'It's time we began planning our holidays,' he said = He said that it was time they began planning their holidays.

BI/he/she/we/they had better remains unchanged, you had better can remain unchanged or be reported by advise + object + infinitive (see 120):

'The children had better go to bed early,' said Tom = Tom said that the children had

better go to bed early.

'You'd better not drink the water,' she said = She advised/warned us not to drink the water. C Conditional sentences types 2 and 3 remain unchanged (see 229):

'If my children were older I would emigrate,' he said = He said that if his children were older he would emigrate.

311might, ought to, should, would, used to in indirect statements

A might remains unchanged except when used as a request form:

He said, 'Ann might ring today' = He said that Ann might ring (that day).

But 'You might post these for me' he said = He asked me to post them for him. (See 285 for requests.)

B ought to/should for obligation or assumption remains unchanged:

'They ought to/should widen this road,' I said = I said that they ought to/should widen the

road. I said,

'I should be back by six' (I assume I will be) = I said I should be back by six.

CBut you ought to/you should, if used to express advice rather than obligation, can be reported by advise + object + infinitive, you must can also express advice and be reported similarly. 'You ought to/should/must read the instructions,' said Ann = Ann advised/urged/warned me to read the instructions.

DThe advice form 'Ifl were you I should/would . . .' is normally reported by advise + object + infinitive:

'If I were you I'd wait,'I said = I advised him to waif,

EThe request form 'I should/would be (very) grateful if you would . . .' is normally reported by ask + object + infinitive:

'I'd be very grateful if you 'd keep me informed,' he said = He asked me to keep him informed.

Fwould in statements doesn't change. But see 284 for would in requests etc.

Gused to doesn't change:

'I know the place well because I used to live here,' he explained = He explained thai he knew the place well because he used to live there.

(For could, see 312; for must, see 325.)

312could in indirect statements

(For could interrogative, see 283-4.)

A could for ability

1 could for present ability does not change:

'I can't/couldn't stand on my head.' he said = He said he couldn't stand on his head.

2 could for future ability can remain unchanged or be reported by would be able:

He said, 'I could do it tomorrow' = He said he could do it/would be able to do it the next day.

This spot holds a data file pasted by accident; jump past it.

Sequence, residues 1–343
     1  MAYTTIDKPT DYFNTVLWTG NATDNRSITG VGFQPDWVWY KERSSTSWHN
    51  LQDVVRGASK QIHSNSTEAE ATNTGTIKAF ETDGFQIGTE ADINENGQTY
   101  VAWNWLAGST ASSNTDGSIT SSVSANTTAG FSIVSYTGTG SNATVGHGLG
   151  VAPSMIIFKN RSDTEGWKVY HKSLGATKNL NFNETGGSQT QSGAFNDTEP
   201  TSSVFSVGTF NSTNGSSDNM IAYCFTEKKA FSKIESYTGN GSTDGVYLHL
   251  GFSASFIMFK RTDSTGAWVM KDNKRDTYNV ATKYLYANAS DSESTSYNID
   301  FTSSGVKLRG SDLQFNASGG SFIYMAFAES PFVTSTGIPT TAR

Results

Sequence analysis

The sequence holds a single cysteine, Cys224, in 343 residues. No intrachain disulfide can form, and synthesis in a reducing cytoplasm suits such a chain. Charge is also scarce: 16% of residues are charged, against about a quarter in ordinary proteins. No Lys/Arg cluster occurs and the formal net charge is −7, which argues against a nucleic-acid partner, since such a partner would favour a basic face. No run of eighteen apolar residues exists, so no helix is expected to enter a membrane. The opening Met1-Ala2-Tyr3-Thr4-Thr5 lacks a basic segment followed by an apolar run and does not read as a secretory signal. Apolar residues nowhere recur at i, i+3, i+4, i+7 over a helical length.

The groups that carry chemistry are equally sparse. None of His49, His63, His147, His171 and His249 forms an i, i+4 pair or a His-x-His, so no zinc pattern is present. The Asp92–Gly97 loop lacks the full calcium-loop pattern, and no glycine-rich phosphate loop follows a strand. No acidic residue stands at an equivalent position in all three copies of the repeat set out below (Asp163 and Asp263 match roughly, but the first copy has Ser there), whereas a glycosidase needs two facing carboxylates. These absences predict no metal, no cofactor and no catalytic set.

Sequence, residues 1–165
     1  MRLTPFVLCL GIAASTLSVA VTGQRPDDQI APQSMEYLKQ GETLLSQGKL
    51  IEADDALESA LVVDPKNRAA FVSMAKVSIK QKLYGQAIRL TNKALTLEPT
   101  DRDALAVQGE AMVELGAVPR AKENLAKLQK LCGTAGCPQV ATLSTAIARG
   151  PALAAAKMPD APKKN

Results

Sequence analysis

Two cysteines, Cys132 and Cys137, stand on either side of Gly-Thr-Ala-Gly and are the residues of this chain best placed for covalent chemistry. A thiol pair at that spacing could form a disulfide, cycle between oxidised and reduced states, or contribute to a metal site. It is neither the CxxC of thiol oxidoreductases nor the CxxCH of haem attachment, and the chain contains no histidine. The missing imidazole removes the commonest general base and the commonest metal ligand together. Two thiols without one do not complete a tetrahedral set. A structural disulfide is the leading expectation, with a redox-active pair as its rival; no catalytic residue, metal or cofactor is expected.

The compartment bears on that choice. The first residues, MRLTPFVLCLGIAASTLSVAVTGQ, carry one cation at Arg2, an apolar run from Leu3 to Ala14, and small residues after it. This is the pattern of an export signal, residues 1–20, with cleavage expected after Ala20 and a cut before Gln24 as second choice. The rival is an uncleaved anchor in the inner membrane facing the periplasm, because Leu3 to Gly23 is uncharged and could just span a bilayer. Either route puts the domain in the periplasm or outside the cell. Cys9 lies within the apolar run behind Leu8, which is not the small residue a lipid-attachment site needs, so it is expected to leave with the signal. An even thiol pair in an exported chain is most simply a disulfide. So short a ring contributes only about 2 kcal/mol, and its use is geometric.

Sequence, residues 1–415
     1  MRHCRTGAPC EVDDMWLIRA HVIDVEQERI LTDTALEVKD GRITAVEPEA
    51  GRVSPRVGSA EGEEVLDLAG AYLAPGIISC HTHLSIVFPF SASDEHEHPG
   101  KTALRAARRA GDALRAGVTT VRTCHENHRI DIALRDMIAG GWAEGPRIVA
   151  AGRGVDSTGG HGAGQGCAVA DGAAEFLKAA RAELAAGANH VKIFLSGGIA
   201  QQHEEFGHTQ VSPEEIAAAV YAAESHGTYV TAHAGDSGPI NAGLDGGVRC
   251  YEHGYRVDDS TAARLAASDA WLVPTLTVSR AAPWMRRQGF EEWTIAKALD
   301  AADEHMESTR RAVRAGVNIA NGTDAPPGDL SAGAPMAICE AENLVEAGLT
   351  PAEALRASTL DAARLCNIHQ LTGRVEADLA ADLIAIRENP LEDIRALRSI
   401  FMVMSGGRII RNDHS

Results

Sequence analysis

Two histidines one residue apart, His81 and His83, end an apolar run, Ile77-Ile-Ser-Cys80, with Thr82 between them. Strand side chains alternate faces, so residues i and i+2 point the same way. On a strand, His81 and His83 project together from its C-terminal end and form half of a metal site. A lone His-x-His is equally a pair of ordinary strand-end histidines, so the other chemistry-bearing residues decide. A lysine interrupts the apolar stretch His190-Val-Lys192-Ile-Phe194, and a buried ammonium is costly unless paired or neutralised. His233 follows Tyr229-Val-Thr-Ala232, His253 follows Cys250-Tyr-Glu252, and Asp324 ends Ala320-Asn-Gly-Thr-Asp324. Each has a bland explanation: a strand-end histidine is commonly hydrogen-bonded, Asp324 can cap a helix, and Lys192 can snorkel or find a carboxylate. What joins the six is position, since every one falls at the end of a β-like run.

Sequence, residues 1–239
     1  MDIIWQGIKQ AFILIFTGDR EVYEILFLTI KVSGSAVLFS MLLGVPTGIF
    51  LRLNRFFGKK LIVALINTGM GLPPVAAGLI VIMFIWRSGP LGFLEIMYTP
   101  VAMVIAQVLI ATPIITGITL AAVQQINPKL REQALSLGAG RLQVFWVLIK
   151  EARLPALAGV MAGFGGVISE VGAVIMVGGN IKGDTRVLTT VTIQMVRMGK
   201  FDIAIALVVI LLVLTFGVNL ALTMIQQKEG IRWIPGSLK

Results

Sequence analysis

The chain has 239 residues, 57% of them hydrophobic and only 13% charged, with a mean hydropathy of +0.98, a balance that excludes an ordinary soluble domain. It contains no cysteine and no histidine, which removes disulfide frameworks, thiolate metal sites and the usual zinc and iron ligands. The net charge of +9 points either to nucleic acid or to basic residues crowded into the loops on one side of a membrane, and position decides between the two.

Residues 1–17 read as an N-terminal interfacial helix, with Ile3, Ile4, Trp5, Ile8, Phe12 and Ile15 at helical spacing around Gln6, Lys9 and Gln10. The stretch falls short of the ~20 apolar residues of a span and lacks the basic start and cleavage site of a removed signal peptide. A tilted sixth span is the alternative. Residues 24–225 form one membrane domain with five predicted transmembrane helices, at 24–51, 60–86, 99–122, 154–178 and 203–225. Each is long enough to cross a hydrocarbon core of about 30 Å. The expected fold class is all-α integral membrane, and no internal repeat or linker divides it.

could in type 2 conditional sentences is reported similarly:

'If I had the tools I could mend it,' he said = He said that if he had the tools he could/would be able to mend it. would be able here implies that the supposition may be fulfilled. (Perhaps he'll be able to borrow tools.)

could in type 3 conditional sentences is reported unchanged.

could for past ability can remain unchanged or be reported by had been able:

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‘I could read when I was three.' she boasted = She boasted that she could/had been able to read when she was three.

Bcould for permission

In type 2 conditional sentences could can remain unchanged or be reported by would be allowed to:

'If I paid my fine I could walk out of prison today,' he said = He said that if he paid his fine he could/would be allowed to walk etc.

could in the past can remain unchanged or be reported by was/were allowed to or had been allowed to:

He said, 'When I was a boy I could stay up as long as I liked' = He said that when he was a boy he could/was allowed to stay up or He said that as a boy he was/had been allowed etc.

313Indirect speech: pronoun and adjective

Pronouns and possessive adjectives usually change from first or second to third person except when the speaker is reporting his own words:

He said, 'I've forgotten the combination of my safe' = He said that he had forgotten the

combination of his safe.

I said, 'I like my new house' = I said that I liked my new house, (speaker reporting his own words)

Sometimes a noun must be inserted to avoid ambiguity: Tom said. 'He cane in through the window' would not normally be reported Tom said he had come in through the window as this might imply that Tom himself had come in this way; but if we use a noun there can be no confusion:

Tom said that the man/burglar/cat etc, had come in . . .

Pronoun changes may affect the verb:

He says. 'I know her' = He says he knows her.

He says, '! shall be there' = He says that he will be there. B this and these

this used in time expressions usually becomes that: He said, 'She is coming this week' =

He said that she was coming that week. Otherwise this and that used as adjectives usually change to the:

He said, 'I bought this pearl/these pearls for my mother' =

He said that he had bought the peart/pearls for his mother. this, these used as pronouns can become it, they/them:

He showed me two bullets. 'I found these embedded in the panelling,' he said =

He said he had found them embedded in the panelling.

He said, 'We will discuss this tomorrow' = He said that they would discuss it/the waiter the next day. this, these (adjectives or pronouns), used to indicate choice or to distinguish some things from others, can become the one(s) near him etc., or the statement can be reworded:

'I'll have this (one),' he said to me = He said he would have the one near him or He pointed to/touched/showed me the one he wanted.

314 Expressions of time and place in indirect speech

A Adverbs and adverbial phrases of time change as follows:

Direct

Indirect

today

that day

yesterday

the day before

the day before yesterday